Feds Ask Court to Move Forward with Immigration Program, Perhaps Without Texas
The Obama administration wants to move forward with its Deferred Action Program that would shield some illegal immigrants from deportation. But a federal court halted the administration's program last week.
On Monday, the administration asked the court to lift last week's order. In its request, the administration is offering options: Let the program go forward nationwide or let it go forward everywhere except in Texas.
Last week, U.S. District Court Judge Andrew Hanen in Brownsville found that the deferred action program called DAPA would be an economic hardship to states like Texas.
Economic hardship was one argument then-Texas Attorney General Greg Abbott used when he and 25 other state attorneys general challenged the Obama Administration’s executive action.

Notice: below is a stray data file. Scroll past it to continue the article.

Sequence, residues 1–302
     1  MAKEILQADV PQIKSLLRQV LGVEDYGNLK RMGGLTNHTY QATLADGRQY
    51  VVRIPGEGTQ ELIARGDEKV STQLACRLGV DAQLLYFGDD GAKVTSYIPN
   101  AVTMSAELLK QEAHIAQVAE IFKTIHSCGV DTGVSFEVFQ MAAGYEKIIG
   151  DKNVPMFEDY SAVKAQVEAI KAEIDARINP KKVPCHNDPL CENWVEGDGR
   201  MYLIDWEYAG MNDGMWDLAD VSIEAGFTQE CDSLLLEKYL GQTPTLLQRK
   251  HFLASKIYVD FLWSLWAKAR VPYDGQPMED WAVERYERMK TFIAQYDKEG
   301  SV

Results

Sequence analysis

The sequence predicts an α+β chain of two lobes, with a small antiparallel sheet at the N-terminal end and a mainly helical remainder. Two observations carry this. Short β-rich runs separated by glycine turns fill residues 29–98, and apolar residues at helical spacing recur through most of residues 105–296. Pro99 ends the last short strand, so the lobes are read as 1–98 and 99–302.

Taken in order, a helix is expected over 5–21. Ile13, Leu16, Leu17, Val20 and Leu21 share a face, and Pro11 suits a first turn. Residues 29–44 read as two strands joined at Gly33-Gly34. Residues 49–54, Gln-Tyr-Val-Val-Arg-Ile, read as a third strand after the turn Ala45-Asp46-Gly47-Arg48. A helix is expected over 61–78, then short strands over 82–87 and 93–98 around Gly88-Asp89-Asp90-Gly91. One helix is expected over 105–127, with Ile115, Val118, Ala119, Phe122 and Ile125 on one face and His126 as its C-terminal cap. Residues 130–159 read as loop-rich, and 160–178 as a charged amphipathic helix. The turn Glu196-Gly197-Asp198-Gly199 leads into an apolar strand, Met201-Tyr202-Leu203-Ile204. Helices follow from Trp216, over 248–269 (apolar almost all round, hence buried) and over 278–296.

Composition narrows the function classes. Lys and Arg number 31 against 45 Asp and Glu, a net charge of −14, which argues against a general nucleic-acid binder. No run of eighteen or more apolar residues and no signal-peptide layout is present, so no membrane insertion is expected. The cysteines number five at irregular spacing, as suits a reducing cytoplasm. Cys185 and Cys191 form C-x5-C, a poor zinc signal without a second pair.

Greg Abbott is now Texas Governor. On Sunday he was on Fox News and said the administration is "giving work permits [and] driver's licenses."
At a cost to the state.
But immigration attorney Jacqueline Watson challenges Abbott's math. She says each of the estimated one and a half million immigrants who might benefit from the deferred action program would pay the federal government $450 per application. That right there is $675 million. Watson says "choosing to look at [the] cost [of] driver's licenses" is "petty" and "forgetting the fees paid by people and then [the cost for] insurance and the boom to businesses. What we stand to gain far outweighs what we stand to lose. Especially on social security taxes."
For the time being, the fight continues through the courts. It's likely neither side will relent until the Supreme Court has a say. Abbott's successor as Texas Attorney General, Ken Paxton, has promised to continue the fight. And time may be on Paxton's side. Courts can be notoriously slow, and there's less than two years left in the Obama administration.